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Old 17th November 2016, 19:39   #14  |  Link
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Quote:
Originally Posted by smok3 View Post
Define "train".
You present your current network with an input/output pair, the training sample. In this case, the "input" would be a low-resolution version of the original image, and the "output" is the original high-resolution image. You let your network create its own (high-res) output image from the given (low-res) "input" image. And then you compare that against the given optimal "output" image (original). Of course, there will be some difference between the network's actual output and the optimal (desired) output - especially at the beginning of the training phase. This difference, or "error", will be used to update (improve) the network, so that the error is reduced. For example, one approach is to let the "error" propagate through the network in backwards direction and adjust the individual weights accordingly. You repeat this process with many training samples (input/output pairs). In the end, you get a network that (hopefully) produces good results, even for unknown inputs.
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Old 17th November 2016, 19:48   #15  |  Link
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Quote:
Originally Posted by smok3 View Post
Define "train". Yeah it is not brute-force once the user gets this, its a cache of brute-force rather.
Quote:
Yaniv Romano, John Isidoro, Peyman Milanfar
(Submitted on 3 Jun 2016 (v1), last revised 4 Oct 2016 (this version, v3))

Given an image, we wish to produce an image of larger size with significantly more pixels and higher image quality. This is generally known as the Single Image Super-Resolution (SISR) problem. The idea is that with sufficient training data (corresponding pairs of low and high resolution images) we can learn set of filters (i.e. a mapping) that when applied to given image that is not in the training set, will produce a higher resolution version of it, where the learning is preferably low complexity. In our proposed approach, the run-time is more than one to two orders of magnitude faster than the best competing methods currently available, while producing results comparable or better than state-of-the-art.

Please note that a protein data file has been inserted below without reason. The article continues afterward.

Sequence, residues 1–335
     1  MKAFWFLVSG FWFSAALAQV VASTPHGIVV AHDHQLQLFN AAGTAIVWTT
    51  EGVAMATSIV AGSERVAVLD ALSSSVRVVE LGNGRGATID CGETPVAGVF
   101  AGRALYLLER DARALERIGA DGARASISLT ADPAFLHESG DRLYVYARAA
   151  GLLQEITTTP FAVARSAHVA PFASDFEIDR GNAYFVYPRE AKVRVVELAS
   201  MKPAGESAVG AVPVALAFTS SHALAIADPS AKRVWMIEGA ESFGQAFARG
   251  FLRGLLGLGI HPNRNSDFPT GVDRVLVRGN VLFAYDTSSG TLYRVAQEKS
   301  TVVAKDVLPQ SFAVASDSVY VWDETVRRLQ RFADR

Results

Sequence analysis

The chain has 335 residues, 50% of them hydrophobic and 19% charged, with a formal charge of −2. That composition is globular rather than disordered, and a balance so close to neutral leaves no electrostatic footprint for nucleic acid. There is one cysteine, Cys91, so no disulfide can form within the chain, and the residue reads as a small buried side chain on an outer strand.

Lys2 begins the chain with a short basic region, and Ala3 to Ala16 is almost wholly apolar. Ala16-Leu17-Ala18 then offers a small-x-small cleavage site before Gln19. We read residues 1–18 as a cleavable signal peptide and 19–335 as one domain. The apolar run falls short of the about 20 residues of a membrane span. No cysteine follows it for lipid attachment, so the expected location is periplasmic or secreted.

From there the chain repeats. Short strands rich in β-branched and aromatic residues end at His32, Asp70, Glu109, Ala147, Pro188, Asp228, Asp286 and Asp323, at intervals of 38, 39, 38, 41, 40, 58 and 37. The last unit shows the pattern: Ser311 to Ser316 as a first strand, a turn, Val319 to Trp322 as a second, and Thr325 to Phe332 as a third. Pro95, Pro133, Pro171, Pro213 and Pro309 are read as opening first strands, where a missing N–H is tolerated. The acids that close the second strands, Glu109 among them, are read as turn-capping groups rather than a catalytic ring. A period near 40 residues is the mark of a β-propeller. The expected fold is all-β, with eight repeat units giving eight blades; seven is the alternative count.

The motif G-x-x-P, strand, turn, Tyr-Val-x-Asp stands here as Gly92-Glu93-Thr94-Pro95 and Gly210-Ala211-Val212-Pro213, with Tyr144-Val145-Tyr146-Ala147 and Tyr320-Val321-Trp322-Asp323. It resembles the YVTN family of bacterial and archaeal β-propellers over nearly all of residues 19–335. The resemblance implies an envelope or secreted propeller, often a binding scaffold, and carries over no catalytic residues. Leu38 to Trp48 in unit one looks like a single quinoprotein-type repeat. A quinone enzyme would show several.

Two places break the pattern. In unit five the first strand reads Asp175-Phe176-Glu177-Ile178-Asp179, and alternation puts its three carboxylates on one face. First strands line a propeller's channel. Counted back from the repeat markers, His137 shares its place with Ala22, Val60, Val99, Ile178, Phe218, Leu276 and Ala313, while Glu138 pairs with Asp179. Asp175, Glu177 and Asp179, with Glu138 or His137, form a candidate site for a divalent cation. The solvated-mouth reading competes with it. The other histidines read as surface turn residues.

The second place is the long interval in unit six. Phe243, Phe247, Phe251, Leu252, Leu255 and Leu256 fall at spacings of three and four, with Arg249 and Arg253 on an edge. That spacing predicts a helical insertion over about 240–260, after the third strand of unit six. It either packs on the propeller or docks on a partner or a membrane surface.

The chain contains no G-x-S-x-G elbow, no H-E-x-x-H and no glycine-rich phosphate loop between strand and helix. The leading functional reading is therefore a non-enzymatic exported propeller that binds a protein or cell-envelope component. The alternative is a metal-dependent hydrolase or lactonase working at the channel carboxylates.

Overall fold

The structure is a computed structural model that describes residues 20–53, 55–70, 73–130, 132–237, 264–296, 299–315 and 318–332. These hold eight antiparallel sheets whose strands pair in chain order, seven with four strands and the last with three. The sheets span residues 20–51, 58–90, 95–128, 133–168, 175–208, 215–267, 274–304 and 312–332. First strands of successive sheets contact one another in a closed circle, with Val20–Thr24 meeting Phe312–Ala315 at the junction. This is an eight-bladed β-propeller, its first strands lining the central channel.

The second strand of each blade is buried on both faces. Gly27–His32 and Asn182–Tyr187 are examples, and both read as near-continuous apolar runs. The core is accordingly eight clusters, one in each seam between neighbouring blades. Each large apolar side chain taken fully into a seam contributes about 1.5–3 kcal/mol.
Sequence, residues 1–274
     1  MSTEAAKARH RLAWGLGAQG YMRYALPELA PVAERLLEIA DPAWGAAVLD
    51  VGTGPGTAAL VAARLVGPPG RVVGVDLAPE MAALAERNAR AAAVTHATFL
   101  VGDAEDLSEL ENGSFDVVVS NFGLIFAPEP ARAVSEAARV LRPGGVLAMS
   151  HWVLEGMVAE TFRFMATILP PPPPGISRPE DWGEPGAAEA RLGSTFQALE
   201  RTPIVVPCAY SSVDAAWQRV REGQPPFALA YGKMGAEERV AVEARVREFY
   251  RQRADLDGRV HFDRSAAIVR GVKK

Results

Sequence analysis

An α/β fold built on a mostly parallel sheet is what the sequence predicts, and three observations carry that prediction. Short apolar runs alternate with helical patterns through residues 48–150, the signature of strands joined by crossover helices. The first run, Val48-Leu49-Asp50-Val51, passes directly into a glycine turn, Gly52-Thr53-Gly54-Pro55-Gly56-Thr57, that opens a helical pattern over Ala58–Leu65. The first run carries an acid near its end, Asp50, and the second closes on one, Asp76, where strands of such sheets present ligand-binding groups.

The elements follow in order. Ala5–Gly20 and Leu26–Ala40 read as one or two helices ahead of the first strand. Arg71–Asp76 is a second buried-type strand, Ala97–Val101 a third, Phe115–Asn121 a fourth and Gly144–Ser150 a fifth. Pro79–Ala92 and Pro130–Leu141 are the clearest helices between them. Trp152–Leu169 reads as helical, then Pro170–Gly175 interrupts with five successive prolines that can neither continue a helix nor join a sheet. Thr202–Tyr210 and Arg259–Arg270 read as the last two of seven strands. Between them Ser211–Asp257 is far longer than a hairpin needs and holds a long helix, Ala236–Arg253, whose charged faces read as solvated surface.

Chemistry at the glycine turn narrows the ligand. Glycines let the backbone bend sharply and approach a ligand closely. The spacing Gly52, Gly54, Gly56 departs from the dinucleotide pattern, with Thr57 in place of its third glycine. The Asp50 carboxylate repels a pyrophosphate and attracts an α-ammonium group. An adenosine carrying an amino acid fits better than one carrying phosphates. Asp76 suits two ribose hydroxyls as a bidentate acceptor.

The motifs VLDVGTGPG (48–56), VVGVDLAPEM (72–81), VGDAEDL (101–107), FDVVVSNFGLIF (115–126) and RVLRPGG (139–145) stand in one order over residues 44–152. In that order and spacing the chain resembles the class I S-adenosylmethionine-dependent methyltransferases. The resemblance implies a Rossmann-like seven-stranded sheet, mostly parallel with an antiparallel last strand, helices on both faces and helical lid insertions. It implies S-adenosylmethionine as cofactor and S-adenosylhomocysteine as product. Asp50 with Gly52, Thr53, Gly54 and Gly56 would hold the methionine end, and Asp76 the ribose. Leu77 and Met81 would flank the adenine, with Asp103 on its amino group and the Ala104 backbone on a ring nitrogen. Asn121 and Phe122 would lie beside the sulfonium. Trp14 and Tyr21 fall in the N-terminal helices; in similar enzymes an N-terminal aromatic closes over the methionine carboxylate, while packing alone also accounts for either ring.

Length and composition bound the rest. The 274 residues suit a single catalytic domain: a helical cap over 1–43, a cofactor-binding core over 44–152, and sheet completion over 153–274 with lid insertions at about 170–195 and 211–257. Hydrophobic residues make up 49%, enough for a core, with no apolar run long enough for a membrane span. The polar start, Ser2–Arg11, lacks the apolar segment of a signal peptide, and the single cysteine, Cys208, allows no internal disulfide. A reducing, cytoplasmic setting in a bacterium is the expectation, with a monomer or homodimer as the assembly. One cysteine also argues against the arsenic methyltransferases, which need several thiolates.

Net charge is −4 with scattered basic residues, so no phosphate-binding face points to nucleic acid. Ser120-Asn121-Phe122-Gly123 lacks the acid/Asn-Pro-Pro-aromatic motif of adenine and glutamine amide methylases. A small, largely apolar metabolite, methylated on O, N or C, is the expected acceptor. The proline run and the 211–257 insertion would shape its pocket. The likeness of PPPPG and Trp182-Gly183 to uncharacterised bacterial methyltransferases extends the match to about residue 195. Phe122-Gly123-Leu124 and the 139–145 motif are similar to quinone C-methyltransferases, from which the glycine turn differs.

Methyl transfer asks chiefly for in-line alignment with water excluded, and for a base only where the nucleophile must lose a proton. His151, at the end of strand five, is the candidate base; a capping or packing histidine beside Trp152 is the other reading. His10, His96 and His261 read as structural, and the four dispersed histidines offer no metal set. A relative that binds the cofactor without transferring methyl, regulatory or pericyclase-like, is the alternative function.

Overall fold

A closely related topic is image sharpening and contrast enhancement, i.e., improving the visual quality of a blurry image by amplifying the underlying details (a wide range of frequencies). Our approach additionally includes an extremely efficient way to produce an image that is significantly sharper than the input blurry one, without introducing artifacts such as halos and noise amplification. We illustrate how this effective sharpening algorithm, in addition to being of independent interest, can be used as a pre-processing step to induce the learning of more effective upscaling filters with built-in sharpening and contrast enhancement effect.
https://arxiv.org/abs/1606.01299
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Old 19th November 2016, 16:56   #16  |  Link
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SOA Compare of different test cases from the dataset the building reconstruction result is pretty good also all the text (letter) parts and the faceted eyes pattern reconstruction

very impressive high frequency preservation in all of those results by default

No one yet here gained those sharp results without haloing so far in the Post Process with the Human Eyes Face sample is still far away from those reconstruction results especially at the fine hair structure reconstruction (shown also with the cat test case).

https://drive.google.com/file/d/0BzC...VFZGJ4OWc/view

Triticals NNEDI3 got on the first sight beaten by Google R&D

Wee need the Clown and Lighthouse test with Googles Trained Algorithm
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Old 21st November 2016, 22:05   #17  |  Link
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using neural enhance+denoise

Last edited by plasma; 21st November 2016 at 22:06. Reason: image
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Old 4th February 2017, 21:58   #18  |  Link
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Where can I get some stable and updated version of this algorithm for personal use? RAISR outperformed Waifu2x, in my tests.
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Old 17th November 2016, 17:12   #19  |  Link
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Theirs

SuperRes(2, 1, 0, """nnedi3_rpow2(rfactor=4, nns=4, cshift="Spline16Resize")""")

2xSuperResXBR(2, .6, xbrStr=2.3, xbrSharp=1.2)

2xSuperResXBR(1, .7, xbrStr=.1, xbrSharp=.7)

Last edited by Gser; 17th November 2016 at 17:15.
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Old 17th March 2017, 22:20   #20  |  Link
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https://github.com/google/guetzli/